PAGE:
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      On the origin of obesity: identifying the biological, environmental and cultural drivers of genetic risk among human populations : Evolution and genetic risk of obesity

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          Obesity

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            Diet and the evolution of human amylase gene copy number variation.

            Starch consumption is a prominent characteristic of agricultural societies and hunter-gatherers in arid environments. In contrast, rainforest and circum-arctic hunter-gatherers and some pastoralists consume much less starch. This behavioral variation raises the possibility that different selective pressures have acted on amylase, the enzyme responsible for starch hydrolysis. We found that copy number of the salivary amylase gene (AMY1) is correlated positively with salivary amylase protein level and that individuals from populations with high-starch diets have, on average, more AMY1 copies than those with traditionally low-starch diets. Comparisons with other loci in a subset of these populations suggest that the extent of AMY1 copy number differentiation is highly unusual. This example of positive selection on a copy number-variable gene is, to our knowledge, one of the first discovered in the human genome. Higher AMY1 copy numbers and protein levels probably improve the digestion of starchy foods and may buffer against the fitness-reducing effects of intestinal disease.
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              A mutation in the human leptin receptor gene causes obesity and pituitary dysfunction.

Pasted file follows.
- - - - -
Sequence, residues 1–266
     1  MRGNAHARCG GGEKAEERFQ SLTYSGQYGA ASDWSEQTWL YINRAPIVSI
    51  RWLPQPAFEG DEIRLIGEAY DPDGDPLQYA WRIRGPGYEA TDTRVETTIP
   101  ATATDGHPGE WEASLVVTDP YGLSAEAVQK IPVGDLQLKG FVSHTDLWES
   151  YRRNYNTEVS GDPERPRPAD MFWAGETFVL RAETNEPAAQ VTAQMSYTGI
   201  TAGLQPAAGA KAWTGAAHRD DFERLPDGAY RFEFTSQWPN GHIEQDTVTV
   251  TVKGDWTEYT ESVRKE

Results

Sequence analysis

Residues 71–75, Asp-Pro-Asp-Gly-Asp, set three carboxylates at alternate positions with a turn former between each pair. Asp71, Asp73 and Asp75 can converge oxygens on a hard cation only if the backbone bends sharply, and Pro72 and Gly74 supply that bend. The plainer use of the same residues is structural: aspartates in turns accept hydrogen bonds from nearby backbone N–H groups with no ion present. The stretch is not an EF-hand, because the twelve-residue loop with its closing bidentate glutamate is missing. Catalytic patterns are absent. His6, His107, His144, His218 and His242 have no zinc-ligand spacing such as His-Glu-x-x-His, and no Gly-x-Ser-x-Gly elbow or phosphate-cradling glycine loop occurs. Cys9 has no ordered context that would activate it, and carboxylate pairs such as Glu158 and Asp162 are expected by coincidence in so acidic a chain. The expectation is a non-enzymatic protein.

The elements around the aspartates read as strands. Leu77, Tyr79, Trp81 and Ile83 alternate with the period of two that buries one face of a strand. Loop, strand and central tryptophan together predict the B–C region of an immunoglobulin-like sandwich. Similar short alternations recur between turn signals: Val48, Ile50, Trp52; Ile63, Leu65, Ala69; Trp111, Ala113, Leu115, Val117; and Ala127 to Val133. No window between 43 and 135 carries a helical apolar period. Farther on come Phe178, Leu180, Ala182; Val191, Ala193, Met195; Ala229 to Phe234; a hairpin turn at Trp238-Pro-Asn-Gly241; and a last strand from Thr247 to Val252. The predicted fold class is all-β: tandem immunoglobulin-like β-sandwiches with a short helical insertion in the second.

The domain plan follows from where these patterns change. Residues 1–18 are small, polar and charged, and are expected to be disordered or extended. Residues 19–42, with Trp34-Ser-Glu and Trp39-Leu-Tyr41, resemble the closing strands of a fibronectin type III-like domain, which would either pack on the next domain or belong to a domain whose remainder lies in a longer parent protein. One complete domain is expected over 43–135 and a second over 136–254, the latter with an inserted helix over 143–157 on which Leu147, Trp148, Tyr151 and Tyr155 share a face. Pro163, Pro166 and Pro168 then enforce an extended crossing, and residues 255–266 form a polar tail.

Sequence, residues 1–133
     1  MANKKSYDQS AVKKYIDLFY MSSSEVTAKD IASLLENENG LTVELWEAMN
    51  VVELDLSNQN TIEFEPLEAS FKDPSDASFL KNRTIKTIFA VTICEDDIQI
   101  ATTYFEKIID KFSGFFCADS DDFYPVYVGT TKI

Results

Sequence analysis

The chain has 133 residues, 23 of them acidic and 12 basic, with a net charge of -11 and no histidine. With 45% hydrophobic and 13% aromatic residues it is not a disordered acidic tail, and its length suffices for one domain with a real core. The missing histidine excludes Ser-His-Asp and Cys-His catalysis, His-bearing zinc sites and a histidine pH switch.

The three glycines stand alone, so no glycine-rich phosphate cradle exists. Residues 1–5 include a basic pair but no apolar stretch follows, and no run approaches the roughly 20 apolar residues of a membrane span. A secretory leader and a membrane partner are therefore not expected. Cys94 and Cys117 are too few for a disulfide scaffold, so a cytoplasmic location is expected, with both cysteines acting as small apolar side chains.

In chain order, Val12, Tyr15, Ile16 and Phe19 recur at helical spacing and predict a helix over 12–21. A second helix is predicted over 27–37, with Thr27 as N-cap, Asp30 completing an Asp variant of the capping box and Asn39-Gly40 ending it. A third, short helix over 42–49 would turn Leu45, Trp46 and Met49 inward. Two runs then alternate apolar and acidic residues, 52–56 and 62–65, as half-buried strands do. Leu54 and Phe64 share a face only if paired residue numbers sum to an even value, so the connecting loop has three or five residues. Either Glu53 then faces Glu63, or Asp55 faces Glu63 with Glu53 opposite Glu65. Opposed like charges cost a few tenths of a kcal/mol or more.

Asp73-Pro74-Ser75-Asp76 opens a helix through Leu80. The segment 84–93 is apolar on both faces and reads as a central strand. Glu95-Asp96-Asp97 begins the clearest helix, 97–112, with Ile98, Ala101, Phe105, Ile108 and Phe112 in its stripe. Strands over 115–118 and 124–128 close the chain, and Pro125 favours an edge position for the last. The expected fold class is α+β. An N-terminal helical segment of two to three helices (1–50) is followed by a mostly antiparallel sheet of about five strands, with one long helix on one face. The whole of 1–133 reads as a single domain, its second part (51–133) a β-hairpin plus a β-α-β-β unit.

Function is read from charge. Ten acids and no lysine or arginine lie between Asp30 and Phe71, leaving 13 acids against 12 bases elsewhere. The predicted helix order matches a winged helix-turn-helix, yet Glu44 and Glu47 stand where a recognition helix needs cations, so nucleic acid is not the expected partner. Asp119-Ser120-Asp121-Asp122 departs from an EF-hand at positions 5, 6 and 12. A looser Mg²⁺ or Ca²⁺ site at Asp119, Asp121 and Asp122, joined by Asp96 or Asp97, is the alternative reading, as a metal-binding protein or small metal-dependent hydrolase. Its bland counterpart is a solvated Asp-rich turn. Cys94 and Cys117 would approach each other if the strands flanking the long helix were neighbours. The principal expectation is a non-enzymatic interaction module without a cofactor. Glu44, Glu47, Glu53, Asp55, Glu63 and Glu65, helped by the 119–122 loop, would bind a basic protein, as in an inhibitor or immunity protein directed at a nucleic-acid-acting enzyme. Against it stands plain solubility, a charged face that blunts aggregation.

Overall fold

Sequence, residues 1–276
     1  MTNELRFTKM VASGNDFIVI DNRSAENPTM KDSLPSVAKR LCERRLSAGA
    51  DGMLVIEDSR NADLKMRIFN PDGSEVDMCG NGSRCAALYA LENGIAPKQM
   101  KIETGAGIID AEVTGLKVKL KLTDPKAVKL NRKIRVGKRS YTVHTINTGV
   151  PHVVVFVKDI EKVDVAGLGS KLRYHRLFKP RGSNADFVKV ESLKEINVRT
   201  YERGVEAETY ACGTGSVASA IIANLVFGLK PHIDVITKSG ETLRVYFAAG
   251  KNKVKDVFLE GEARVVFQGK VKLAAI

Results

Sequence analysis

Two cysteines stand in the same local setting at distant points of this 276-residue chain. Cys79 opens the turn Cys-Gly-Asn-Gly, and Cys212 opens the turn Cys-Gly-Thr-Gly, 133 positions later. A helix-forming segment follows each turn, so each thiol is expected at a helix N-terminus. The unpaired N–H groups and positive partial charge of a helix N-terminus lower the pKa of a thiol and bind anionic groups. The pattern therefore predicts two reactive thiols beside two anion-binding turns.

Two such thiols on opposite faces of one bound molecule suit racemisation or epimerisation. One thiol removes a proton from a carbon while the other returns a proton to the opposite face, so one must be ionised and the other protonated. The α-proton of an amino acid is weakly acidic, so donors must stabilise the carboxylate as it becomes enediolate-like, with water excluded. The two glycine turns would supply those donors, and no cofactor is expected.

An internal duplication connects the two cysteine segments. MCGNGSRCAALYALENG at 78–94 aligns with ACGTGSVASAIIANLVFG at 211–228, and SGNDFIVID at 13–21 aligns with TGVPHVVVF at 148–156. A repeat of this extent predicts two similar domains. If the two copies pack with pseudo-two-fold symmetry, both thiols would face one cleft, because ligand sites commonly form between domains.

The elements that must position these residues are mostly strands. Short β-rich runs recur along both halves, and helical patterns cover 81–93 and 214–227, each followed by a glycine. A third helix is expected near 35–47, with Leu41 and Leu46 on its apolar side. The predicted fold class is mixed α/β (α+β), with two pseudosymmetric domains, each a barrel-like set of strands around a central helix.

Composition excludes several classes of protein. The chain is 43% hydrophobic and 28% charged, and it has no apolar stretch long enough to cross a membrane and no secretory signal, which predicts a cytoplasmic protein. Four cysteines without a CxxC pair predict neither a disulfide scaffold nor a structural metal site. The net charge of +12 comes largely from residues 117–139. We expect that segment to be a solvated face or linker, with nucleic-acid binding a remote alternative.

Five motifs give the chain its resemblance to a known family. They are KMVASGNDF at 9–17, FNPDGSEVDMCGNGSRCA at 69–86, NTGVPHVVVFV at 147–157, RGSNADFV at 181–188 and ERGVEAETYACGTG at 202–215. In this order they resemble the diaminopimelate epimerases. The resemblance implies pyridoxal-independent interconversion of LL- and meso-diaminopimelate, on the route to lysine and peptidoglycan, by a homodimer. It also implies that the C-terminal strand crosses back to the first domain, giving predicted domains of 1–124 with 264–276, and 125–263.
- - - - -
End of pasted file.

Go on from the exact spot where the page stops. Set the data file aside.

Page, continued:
The adipocyte-specific hormone leptin, the product of the obese (ob) gene, regulates adipose-tissue mass through hypothalamic effects on satiety and energy expenditure. Leptin acts through the leptin receptor, a single-transmembrane-domain receptor of the cytokine-receptor family. In rodents, homozygous mutations in genes encoding leptin or the leptin receptor cause early-onset morbid obesity, hyperphagia and reduced energy expenditure. These rodents also show hypercortisolaemia, alterations in glucose homeostasis, dyslipidaemia, and infertility due to hypogonadotropic hypogonadisms. In humans, leptin deficiency due to a mutation in the leptin gene is associated with early-onset obesity. Here we describe a homozygous mutation in the human leptin receptor gene that results in a truncated leptin receptor lacking both the transmembrane and the intracellular domains. In addition to their early-onset morbid obesity, patients homozygous for this mutation have no pubertal development and their secretion of growth hormone and thyrotropin is reduced. These results indicate that leptin is an important physiological regulator of several endocrine functions in humans.
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                Author and article information

                Journal
                Obesity Reviews
                Obesity Reviews
                Wiley
                14677881
                February 2018
                February 2018
                November 16 2017
                : 19
                : 2
                : 121-149
                Affiliations
                [1 ]Department of Health Research Methods, Evidence, and Impact; McMaster University; Hamilton ON Canada
                [2 ]Department of Pediatrics; McMaster University; Hamilton ON Canada
                [3 ]Division of Pediatric Endocrinology; McMaster Children's Hospital; Hamilton ON Canada
                [4 ]Department of Biology; McMaster University; Hamilton ON Canada
                [5 ]Agent-Based Modelling Laboratory; York University; Toronto ON Canada
                [6 ]Institute of Biological and Environmental Sciences; University of Aberdeen; Aberdeen UK
                [7 ]State Key Laboratory of Molecular Developmental Biology, Institute of Genetics and Developmental Biology; Chinese Academy of Sciences; Beijing China
                [8 ]Department of Pathology and Molecular Medicine; McMaster University; Hamilton ON Canada
                Article
                10.1111/obr.12625
                © 2017

                http://doi.wiley.com/10.1002/tdm_license_1.1

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